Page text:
Several months ago, I was extremely excited to learn that I would be among the first 10,000 people to explore Google’s wearable technology, Google Glass. Since I joined the program, I have ‘kept my ear to the ground’ by reading a number of reviews of the gadget, both positive and negative.
Personally, I am a big fan of the technology. I may not wear it in the shower like social media guru Robert Scoble, but I am enamored by Glass and I continue to be wowed (especially when Google releases its monthly updates!).
Although Glass is not yet available to the market, for the limited number of shoppers lucky enough to have one, they can already take advantage of its features while in-store. We’ve listed six of the most useful features that will likely drive wearable technology like Glass into the mainstream spotlight for shopping:
1. Picture and video reminders of products you’re interested in
Shopping is a visual experience – whether you’re on the street and you walk by an outfit you like, or in a store deciding between which sofa you like more. When you get the urge, you’ll take out your smartphone, unlock it, open your camera, and snap a picture to help you remember what you were shopping for (if you didn’t buy it that day). With Glass, just look at the item and say ‘OK glass take a picture’.
2. Live feedback from friends and family
Thanks to social media, consumers place more emphasis than ever on the opinions of friends, relatives, followers and even complete strangers. Glass’ technology allows shoppers to take real-time photos and send directly to friends or share with followers for instant opinions, assisting in shopping decisions.
3. Product searching
Whether at home or in-store, mobile searches on smartphones and tablets have already taken over PC searches. Wearable tech, like Glass, will likely continue to expand the evolution of how we use mobile and stationary devices.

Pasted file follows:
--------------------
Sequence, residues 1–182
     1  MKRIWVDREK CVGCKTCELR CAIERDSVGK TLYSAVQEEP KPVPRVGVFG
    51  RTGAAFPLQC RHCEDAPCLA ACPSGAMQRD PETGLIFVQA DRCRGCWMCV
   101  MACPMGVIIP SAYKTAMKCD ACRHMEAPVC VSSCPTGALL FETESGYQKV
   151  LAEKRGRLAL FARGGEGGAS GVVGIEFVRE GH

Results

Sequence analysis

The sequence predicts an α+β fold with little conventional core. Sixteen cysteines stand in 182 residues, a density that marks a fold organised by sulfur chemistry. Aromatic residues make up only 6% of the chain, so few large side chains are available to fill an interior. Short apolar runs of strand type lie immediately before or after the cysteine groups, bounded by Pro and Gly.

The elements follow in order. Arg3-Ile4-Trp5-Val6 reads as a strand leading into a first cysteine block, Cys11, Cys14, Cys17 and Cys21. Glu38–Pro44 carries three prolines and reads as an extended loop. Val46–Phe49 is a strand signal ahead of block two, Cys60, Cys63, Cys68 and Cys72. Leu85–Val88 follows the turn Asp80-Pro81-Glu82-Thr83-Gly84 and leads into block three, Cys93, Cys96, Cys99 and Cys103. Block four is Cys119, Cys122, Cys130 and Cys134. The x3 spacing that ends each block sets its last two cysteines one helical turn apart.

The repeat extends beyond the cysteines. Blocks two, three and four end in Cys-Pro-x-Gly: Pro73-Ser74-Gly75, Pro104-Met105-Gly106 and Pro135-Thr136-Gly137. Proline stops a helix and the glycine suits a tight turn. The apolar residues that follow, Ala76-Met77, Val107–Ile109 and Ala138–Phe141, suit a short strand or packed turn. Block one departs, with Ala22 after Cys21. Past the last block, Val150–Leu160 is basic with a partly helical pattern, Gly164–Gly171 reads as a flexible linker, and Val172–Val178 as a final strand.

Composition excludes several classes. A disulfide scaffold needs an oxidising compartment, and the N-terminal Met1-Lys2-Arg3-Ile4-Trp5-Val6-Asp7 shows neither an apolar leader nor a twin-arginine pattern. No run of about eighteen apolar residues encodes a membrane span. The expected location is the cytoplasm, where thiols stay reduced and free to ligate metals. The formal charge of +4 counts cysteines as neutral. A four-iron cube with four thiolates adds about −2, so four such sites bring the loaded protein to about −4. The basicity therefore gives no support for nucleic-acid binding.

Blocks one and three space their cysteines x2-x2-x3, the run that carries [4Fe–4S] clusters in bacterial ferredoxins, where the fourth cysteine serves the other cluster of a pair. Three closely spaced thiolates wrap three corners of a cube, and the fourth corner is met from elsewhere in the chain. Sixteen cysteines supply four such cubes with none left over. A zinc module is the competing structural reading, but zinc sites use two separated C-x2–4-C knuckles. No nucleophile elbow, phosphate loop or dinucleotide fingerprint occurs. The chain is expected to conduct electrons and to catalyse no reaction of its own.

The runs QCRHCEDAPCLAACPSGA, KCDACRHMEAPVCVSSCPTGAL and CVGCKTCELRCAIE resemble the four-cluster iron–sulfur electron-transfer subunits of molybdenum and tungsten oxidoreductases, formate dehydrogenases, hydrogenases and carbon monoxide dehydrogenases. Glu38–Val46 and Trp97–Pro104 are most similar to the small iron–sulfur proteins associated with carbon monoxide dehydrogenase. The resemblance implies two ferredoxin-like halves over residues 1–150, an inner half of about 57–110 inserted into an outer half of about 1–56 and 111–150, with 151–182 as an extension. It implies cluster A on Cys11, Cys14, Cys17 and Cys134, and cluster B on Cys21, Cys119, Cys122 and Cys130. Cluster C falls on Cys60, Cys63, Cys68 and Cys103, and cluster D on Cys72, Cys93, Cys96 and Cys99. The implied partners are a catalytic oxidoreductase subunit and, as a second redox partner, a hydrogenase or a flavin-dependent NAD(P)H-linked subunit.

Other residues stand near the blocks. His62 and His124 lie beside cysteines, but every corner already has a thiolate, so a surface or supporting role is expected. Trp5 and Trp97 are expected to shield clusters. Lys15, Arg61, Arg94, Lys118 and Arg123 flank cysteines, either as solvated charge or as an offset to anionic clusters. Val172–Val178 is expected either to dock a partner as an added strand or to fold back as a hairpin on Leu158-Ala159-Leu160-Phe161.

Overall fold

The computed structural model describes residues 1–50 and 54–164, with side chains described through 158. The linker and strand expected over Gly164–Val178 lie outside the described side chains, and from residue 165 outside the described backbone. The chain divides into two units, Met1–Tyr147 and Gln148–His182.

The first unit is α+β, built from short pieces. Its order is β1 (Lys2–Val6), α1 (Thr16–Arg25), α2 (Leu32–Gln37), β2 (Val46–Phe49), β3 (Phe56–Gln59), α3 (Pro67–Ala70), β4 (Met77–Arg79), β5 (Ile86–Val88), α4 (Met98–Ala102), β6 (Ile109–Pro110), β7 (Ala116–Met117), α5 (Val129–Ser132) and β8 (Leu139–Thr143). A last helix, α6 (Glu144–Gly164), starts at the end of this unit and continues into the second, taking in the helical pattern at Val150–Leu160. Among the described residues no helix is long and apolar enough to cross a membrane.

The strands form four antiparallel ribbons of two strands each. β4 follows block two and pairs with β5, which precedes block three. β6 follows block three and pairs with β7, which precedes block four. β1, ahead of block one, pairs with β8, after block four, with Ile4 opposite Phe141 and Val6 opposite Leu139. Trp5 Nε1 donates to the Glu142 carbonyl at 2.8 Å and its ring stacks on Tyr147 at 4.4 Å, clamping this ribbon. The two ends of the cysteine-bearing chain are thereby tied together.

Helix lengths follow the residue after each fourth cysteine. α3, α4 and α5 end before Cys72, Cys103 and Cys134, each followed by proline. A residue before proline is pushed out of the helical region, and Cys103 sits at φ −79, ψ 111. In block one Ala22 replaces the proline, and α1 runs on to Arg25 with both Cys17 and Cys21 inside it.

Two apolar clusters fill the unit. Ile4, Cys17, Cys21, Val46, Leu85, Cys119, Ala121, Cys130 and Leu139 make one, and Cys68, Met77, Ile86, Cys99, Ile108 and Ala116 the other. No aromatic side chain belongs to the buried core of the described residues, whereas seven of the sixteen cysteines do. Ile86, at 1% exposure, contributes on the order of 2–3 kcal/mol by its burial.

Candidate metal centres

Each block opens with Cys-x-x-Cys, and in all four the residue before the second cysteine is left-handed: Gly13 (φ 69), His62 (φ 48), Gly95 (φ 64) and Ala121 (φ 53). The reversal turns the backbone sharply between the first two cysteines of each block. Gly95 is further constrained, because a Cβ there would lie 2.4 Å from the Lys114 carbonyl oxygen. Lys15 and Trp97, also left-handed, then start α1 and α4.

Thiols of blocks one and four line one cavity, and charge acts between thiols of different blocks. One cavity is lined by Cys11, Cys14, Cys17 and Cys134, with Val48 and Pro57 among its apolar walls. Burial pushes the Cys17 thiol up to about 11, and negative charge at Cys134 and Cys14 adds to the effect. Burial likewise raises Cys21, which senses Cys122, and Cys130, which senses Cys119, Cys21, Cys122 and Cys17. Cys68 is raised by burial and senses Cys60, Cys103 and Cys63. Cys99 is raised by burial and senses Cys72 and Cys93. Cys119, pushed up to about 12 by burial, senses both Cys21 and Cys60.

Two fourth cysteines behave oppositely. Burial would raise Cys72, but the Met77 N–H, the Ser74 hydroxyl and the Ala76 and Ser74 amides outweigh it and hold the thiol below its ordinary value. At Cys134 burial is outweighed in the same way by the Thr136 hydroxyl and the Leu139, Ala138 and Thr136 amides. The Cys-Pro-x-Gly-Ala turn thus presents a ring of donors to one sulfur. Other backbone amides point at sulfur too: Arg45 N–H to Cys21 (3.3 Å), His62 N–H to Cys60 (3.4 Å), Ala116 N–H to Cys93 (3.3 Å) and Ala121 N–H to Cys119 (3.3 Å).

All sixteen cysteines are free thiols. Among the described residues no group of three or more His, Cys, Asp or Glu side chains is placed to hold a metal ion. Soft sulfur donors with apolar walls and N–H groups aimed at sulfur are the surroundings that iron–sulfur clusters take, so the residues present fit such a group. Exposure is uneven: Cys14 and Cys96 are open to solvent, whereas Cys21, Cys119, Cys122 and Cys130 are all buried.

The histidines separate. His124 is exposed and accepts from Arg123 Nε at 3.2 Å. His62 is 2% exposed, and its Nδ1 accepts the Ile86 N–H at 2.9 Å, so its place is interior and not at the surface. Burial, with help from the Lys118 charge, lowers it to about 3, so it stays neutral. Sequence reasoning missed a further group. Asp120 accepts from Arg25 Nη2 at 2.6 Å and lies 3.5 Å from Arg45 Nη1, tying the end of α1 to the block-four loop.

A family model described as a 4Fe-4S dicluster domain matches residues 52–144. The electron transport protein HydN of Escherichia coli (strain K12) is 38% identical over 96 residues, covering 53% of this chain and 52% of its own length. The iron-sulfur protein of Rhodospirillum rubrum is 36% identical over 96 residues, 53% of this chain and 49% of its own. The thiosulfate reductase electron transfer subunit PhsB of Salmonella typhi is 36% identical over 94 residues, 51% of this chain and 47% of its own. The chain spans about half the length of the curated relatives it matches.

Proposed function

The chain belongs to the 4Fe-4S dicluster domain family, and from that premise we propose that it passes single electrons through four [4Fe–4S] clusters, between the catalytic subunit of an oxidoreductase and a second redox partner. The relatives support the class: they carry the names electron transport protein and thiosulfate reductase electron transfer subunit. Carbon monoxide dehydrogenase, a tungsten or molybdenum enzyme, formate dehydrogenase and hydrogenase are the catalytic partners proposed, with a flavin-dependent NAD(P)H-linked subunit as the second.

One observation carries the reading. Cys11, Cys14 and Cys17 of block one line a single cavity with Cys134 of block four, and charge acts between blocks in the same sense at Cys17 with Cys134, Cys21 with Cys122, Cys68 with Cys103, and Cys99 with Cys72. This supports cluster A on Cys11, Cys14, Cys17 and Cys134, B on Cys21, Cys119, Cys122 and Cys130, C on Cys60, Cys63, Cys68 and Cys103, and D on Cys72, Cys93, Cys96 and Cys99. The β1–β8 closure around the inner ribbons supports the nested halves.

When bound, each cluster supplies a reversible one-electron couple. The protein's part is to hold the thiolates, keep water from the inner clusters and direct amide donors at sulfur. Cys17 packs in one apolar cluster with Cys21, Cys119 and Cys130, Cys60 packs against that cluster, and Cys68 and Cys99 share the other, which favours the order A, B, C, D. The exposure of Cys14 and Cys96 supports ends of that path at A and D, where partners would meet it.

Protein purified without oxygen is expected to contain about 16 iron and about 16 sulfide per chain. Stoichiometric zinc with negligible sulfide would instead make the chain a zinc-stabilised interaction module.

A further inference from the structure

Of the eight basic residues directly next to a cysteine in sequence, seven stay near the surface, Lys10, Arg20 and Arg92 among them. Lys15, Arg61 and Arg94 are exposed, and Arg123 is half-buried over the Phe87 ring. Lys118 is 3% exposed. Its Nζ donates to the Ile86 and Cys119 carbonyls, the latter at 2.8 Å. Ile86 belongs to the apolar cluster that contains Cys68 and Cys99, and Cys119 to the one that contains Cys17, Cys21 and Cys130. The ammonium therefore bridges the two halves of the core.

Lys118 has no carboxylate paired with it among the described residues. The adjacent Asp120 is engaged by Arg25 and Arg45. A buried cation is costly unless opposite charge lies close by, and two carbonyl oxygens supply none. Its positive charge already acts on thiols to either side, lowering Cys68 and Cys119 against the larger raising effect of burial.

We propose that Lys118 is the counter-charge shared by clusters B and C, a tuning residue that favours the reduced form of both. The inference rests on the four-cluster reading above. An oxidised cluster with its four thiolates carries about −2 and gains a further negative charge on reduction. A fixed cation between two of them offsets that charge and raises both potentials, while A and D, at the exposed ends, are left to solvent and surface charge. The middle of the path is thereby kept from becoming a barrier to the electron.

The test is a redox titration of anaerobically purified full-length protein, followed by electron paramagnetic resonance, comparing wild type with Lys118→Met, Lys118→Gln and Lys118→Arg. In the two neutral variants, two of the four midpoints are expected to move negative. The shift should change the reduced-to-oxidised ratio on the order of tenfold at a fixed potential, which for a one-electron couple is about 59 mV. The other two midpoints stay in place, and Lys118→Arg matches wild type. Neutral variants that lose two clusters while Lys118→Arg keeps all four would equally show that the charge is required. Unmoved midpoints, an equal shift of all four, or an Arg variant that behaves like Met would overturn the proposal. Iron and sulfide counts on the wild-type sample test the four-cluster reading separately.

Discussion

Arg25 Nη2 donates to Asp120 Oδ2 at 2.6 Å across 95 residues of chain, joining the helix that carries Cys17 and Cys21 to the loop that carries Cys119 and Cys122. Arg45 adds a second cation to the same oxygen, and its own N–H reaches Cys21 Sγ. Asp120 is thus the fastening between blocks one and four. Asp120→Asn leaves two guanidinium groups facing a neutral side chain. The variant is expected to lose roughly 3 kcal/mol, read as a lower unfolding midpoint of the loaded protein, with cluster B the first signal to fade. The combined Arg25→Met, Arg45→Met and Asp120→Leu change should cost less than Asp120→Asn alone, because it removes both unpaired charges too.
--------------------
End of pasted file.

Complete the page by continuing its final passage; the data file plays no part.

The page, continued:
4. Product scanning and price comparisons
Shoppers are already engaging in “showrooming” practices with their smartphones by searching for lower priced products online while in-store. How will Glass change this habit? By making it easier. Shoppers will no longer have to pull out their phone to scan a barcode or search online – they simply have to look at the barcode to pull up online results.
5. Shopping lists
Left your shopping list at home? We’ve all been there. And although there is an array of shopping list smartphone apps, it can be difficult to balance a shopping basket and a smartphone while picking up, selecting and checking items off a list. Again, Glass allows for hands-free list use in-store, but it also makes shopping lists readily available throughout the day so you’ll never forget to add an item to your list again.
6. Smarter retailers
When retailers begin to arm their sales associates with wearable technology like Glass, the impact will be great. Information accessible to the associates without the need to take out a phone or tablet allows for more flexibility and more expedient service.
There is no doubt that Google has a lot of work to do. The current version of Glass will benefit from better battery power, better audio, more voice commands, and of course, more apps. But it’s important to keep in mind that Google (and other competitors that will soon hit the market) has barely crossed the starting line for what will surely be a long run of wearable technologies to aid shoppers and retailers.
What do you think? What are some shopper apps or functions that you could see coming about in the future? Post in the comments below!
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